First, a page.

Australian, British adventurers complete epic Bligh voyage
Four adventurers landed in Indonesia on Tuesday at the end of a harrowing 47-day re-enactment of Lieutenant William Bligh's epic sea voyage from the mutiny on the HMS Bounty.
With no maps or navigational equipment, no torches or toilet paper, and little more than biscuits, water and rum to sustain them, the crew reached their destination just hours after Bligh had done 221 years before.
Australian captain Don McIntyre, 55, Australian Dave Pryce, 39, British student Chris Wilde, 18, and fellow Briton David Wilkinson, 49, were greeted by fishermen and excited children as they pulled ashore at Kupang, West Timor.
They capsized four times and survived close encounters with hidden reefs during their 6,500-kilometre (4,000-mile) journey in a replica 18th-century wooden boat, which began at the site of the mutiny near Tonga.
"The reception has been quite mind-blowing," McIntyre told AFP after making landfall.
"I just had two hamburgers and a whole plate of chips and I think I'm a bit hyperactive. After a month of ships biscuits it was pretty good."
Their clinker-style, two-mast vessel, the 25-foot (7.62-metre) Talisker Bounty Boat, carried equivalent supplies of food and drink as Bligh and his 18 loyalists had when they were cast adrift from The Bounty.
A group of mutineers led by Fletcher Christian seized control of The Bounty on April 28, 1789, near the Tongan island of Tofua. Bligh's voyage to safety is still considered one of history's great feats of seamanship.
McIntyre and his three crewmen set out on April 29 from the Tongan island of Kelefesia for Tofua -- where one of Bligh's men was killed by a Tongan as he looked for supplies -- before heading west towards Fiji.
They followed Bligh's route westwards, passing Fiji and the Vanuatu Island group heading for Cape York on the northeastern tip of Australia.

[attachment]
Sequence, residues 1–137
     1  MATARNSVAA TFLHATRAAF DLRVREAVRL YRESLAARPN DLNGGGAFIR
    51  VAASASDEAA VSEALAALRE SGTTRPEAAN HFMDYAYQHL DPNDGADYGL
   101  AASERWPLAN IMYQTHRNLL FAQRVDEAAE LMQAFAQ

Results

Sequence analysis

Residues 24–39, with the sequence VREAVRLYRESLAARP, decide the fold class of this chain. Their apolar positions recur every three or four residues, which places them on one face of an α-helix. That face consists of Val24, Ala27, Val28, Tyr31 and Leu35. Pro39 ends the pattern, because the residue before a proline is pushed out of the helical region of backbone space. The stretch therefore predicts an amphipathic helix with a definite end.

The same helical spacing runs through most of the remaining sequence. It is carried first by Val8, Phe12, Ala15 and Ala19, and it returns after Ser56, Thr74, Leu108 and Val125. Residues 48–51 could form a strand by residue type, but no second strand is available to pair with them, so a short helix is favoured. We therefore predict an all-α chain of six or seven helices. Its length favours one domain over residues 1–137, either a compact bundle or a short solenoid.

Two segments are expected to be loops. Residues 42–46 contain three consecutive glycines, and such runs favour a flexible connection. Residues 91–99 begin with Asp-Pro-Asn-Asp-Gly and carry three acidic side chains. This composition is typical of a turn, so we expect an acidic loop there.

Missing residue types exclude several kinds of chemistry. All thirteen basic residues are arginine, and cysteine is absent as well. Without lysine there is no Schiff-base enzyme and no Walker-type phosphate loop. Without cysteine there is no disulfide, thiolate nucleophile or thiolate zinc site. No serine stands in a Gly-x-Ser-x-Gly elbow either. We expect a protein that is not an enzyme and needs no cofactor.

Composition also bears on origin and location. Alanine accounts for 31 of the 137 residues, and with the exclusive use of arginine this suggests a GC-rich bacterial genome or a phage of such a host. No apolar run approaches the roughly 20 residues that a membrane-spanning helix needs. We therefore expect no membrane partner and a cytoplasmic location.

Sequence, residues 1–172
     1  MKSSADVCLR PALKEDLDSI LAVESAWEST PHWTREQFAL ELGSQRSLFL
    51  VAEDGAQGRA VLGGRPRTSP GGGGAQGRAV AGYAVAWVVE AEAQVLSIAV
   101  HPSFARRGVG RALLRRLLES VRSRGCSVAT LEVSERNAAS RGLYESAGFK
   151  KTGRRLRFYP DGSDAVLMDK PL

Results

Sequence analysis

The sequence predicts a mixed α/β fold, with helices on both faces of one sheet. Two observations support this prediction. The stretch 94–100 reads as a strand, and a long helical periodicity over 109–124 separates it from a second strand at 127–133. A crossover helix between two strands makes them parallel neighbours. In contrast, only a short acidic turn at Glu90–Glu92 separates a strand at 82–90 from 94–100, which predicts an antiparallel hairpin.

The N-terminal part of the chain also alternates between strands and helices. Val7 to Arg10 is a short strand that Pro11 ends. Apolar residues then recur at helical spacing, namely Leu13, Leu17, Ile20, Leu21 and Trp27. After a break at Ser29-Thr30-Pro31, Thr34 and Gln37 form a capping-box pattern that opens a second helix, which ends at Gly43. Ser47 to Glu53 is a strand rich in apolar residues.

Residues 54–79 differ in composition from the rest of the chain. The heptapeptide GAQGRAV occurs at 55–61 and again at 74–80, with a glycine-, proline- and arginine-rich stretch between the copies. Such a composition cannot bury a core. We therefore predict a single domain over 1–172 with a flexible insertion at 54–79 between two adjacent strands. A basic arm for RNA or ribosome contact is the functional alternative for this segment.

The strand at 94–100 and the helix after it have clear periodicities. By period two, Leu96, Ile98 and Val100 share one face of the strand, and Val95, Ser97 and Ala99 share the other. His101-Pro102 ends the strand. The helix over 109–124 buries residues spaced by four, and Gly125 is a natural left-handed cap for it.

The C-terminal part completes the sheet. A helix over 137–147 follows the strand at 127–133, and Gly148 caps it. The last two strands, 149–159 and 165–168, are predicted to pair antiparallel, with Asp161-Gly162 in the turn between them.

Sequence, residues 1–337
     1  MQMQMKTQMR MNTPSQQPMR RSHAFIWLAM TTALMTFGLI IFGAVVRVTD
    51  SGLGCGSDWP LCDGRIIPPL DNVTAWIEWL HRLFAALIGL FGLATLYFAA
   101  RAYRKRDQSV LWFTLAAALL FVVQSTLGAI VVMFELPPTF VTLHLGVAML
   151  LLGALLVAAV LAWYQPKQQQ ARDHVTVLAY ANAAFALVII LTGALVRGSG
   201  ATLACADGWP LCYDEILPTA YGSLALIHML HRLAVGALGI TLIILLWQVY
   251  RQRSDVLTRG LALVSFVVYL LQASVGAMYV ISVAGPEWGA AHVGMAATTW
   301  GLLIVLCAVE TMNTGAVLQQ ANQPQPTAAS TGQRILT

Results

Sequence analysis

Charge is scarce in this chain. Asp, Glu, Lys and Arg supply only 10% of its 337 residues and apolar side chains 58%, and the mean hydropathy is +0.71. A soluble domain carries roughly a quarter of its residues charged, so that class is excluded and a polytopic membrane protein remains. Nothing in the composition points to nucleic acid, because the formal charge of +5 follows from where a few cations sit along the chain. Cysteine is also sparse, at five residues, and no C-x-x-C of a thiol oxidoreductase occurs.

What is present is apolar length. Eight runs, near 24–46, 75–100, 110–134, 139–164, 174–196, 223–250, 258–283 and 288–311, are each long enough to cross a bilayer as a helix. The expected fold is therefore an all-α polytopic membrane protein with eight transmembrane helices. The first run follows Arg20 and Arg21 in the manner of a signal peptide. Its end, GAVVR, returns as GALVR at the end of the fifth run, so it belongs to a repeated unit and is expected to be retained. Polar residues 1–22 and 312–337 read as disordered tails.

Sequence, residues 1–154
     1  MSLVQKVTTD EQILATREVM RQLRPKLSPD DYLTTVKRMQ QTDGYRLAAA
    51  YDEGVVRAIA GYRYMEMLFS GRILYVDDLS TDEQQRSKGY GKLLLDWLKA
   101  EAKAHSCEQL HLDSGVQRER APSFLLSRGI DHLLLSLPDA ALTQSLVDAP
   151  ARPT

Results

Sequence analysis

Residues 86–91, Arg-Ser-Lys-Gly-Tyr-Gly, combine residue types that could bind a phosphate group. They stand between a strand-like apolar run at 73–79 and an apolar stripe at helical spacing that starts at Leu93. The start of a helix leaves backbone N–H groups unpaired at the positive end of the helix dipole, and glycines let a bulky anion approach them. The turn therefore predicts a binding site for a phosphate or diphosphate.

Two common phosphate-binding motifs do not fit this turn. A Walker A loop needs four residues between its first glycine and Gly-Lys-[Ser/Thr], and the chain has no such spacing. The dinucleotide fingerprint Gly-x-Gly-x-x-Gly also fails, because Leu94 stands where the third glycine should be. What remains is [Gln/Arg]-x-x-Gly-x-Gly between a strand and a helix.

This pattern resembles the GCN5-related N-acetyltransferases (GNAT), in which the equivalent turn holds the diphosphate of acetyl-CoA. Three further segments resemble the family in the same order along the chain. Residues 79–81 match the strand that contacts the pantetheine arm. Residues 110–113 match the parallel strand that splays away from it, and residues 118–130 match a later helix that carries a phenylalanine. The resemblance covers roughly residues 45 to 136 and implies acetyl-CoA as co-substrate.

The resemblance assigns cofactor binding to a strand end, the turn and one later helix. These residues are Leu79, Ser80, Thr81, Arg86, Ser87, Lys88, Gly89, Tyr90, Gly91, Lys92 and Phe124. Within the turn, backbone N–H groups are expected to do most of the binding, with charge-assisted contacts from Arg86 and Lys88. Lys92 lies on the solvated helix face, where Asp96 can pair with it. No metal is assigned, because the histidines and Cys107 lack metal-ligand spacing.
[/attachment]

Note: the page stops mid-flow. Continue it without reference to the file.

Like Bligh, they landed on Restoration Island for two days, then sailed north inside the treacherous Great Barrier Reef to Thursday Island, and then into the Torres Strait and on to Timor in eastern Indonesia.
The Talisker boat was equipped with satellite navigational equipment in case of emergency but McIntyre said it wasn't required. The crew also had life jackets, flares and positional beacons in case they were lost overboard.
Sporting a bushy grey beard as he posed for photos with the West Timor locals, McIntyre said that in addition to suffering from thirst and hunger, he had passed two kidney stones during the voyage.
"We had a few anxious moments. We nearly ran up on a reef and we were minutes away from total disaster. It was scary, but we'd trained for those moments," he told AFP.
"We were totally alone, just like Bligh. It was very raw and very honest, just four guys in a boat."
He said his crew -- including first-time sailor Wilde, 18 -- had gained a real insight into the technical aspects of Bligh's journey, as well as the mental state of the Bounty captain and his loyal shipmates.
"Having gone through 40 days at sea you know that in the storms, if they'd ever got wiped out, they would have been thinking, 'we can't die now because if we do, no one will know about the mutiny'," McIntyre said.
Looking at the Talisker Bounty Boat, Timorese fisherman Martinus, 32, said he was "impressed" with the crew's achievement.
"They're not only re-living history, they're creating history. They've done something really worthwhile," he said.
The voyage aimed to raise money for The Sheffield Institute Foundation for Motor Neurone Disease.
© 2010 AFP